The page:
Before The Devil Knows You're Dead



This review was written for the festival screening of "Before the Devil Knows You're Dead."

Toronto International Film Festival

NEW YORK -- After a long series of artistic missteps, Sidney Lumet, 83, makes a smashing return to form with this bleak crime thriller that shows off the veteran director's many strengths. Pungently atmospheric, brilliantly textured and featuring superb performances from every performer in parts big and small, "Before the Devil Knows You're Dead" might not quite rank with such classics as "Dog Day Afternoon" and countless other films by Lumet, but it does make thrillingly clear that he's still at the top of his game.

Kelly Masterson's expert screenplay relates a relatively simple story of a small-scale robbery gone horribly wrong in complex fashion. With its constant time shifts and depictions of the same events from varying perspectives, it recalls the director's own earlier caper flick "The Anderson Tapes," though this is a far more melodramatic and elemental tale.

A highly graphic but less than joyful sex scene at the beginning sets the harsh tone for the story, which involves the botched plan by siblings Andy (Philip Seymour Hoffman) and Hank (Ethan Hawke) to rob their own parents' suburban jewelry store.

Both men are leading lives of not so quiet desperation, with each in serious financial straits. Andy has been systematically siphoning off money from the real estate company at which he works, while his divorced younger brother can't even make the child-support payments to his increasingly hostile ex-wife (Amy Ryan). Meanwhile, Hank has been having a longtime affair with his brother's beautiful wife (Marisa Tomei), even while Andy dreams of saving his passionless marriage by running off with her to Rio.

Andy's plan seems easy enough. Hank will rob the store on a quiet Saturday morning, when the only one there will be a single employee. But he makes the mistake of recruiting his petty criminal friend Bobby (Brian F. O'Byrne) to do the actual deed, and things go horribly awry, with Bobby and the brothers' mother (Rosemary Harris) winding up dead.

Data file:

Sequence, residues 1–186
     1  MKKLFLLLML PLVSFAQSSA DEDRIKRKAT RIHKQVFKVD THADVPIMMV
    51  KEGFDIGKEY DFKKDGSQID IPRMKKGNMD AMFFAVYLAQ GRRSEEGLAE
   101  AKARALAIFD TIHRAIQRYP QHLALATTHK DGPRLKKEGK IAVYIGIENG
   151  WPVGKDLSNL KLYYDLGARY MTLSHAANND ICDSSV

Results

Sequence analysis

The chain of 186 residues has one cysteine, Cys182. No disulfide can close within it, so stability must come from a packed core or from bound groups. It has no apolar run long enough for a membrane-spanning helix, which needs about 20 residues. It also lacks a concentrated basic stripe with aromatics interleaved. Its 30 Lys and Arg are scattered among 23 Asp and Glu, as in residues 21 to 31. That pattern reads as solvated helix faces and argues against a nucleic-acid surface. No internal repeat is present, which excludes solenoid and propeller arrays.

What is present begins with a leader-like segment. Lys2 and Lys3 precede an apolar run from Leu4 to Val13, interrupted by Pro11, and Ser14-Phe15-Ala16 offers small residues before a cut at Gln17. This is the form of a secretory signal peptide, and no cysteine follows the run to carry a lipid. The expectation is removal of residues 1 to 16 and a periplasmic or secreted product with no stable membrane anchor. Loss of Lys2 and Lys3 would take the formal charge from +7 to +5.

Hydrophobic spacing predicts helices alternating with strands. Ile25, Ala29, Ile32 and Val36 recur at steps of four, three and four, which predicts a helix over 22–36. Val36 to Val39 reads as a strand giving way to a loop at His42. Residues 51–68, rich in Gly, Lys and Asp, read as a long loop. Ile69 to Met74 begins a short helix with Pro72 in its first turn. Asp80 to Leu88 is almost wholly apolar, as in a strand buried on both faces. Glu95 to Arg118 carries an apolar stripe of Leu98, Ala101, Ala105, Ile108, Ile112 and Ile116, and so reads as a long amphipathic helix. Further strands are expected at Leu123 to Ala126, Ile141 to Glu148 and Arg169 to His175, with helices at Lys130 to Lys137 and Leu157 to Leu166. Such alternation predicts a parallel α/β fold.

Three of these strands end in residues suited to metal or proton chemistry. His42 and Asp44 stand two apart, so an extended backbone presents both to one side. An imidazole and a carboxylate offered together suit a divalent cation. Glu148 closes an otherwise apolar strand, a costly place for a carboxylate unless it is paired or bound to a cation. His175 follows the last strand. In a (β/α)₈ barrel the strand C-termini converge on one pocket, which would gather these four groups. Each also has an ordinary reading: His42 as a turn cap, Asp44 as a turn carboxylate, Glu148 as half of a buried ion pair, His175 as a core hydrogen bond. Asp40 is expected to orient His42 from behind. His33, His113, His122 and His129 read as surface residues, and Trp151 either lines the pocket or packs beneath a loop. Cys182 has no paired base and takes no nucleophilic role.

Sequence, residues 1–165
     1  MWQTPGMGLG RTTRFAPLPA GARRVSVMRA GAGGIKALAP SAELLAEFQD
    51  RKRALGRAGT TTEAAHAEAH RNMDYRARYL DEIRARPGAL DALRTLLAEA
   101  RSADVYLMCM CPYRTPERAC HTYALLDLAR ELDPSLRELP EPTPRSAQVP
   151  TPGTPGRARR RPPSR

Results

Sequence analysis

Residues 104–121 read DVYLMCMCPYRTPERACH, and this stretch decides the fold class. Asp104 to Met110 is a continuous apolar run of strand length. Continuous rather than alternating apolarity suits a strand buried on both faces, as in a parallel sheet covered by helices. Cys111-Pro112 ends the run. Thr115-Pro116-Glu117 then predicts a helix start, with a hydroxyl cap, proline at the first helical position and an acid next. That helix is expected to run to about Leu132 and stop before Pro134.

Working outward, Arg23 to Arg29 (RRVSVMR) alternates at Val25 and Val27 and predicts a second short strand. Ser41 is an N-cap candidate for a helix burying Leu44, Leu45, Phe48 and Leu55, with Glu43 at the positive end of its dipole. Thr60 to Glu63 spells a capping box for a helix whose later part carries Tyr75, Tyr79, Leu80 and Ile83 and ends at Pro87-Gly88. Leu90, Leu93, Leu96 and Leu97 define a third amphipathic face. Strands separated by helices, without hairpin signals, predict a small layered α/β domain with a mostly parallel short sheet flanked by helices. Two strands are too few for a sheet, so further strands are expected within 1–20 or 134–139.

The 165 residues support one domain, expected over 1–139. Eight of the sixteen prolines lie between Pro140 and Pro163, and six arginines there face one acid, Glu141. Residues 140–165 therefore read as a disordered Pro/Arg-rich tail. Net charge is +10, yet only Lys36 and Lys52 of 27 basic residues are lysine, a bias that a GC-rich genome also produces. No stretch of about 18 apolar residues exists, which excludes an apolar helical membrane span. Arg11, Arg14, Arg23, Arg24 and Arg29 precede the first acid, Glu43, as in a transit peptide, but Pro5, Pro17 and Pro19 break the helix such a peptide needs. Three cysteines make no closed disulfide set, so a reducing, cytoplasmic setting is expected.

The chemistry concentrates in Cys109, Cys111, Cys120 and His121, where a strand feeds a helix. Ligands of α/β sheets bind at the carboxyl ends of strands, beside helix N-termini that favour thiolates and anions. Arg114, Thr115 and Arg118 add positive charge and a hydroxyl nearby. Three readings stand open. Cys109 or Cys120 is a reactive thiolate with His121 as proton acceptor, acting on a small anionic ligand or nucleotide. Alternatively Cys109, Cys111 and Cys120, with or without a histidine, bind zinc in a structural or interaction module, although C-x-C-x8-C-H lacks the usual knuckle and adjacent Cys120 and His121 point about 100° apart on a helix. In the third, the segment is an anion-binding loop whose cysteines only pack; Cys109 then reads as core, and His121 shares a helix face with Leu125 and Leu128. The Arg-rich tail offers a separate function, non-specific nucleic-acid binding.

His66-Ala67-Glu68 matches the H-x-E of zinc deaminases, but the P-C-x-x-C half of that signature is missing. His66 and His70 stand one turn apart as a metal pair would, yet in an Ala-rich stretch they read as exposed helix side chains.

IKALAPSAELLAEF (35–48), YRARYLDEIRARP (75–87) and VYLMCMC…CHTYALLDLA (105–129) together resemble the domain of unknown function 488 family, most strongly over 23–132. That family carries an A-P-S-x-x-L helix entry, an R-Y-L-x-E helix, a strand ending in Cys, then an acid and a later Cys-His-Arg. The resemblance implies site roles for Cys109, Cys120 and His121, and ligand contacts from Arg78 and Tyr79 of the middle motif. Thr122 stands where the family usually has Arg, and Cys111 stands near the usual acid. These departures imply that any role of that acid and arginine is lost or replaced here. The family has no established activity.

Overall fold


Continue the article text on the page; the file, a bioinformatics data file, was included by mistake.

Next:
The men's frantic efforts to cover up their complicity in the crime, and those of their grieving father (Albert Finney) to find the rest of those involved, form the heart of the relentlessly downbeat tale, which only gets darker as it goes along.

As much character study as crime thriller, the film features indelible characterizations by the lead actors as the brothers whose flaws reach biblical proportions, with Hoffman's girth and Hawke's slightly dissipated handsomeness working perfectly for their roles. Finney is equally superb as their emotionally inaccessible father, especially in the haunting climactic scenes. But thanks to Lumet's expert handling of his actors, everyone shines, even in the smallest roles, with particularly memorable cameos by Michael Shannon as Bobby's vengeful brother-in-law and Leonard Cimino as a crooked diamond dealer.

Linsefilm, Michael Cerenzie Prods., Unity Prods.
Director: Sidney Lumet
Screenwriter: Kelly Masterson
Producers: Michael Cerenzie, Brian Linse, Paul Parmar, William S. Gilmore
Executive producers: Bella Avery, Jane Barclay, David Bergstein, Janette Jensen Hoffman, Eli Klein, Hannah Leader, Jeffry Melnick, Sam Zaharis
Director of photography: Ron Fortunato
Production designer: Christopher Nowak
Music: Carter Burwell
Co-producers: Austin Chick, Jeff G. Waxman
Costume designer: Tina Nigro
Editor: Tom Swartwout
Andy: Philip Seymour Hoffman
Hank: Ethan Hawke
Charles: Albert Finney
Gina: Marisa Tomei
Nanette: Rosemary Harris
Chris: Aleksa Palladino
Dex: Michael Shannon
Martha: Amy Ryan
Bobby: Brian F. O'Byrne
Running time -- 123 minutes
MPAA rating: R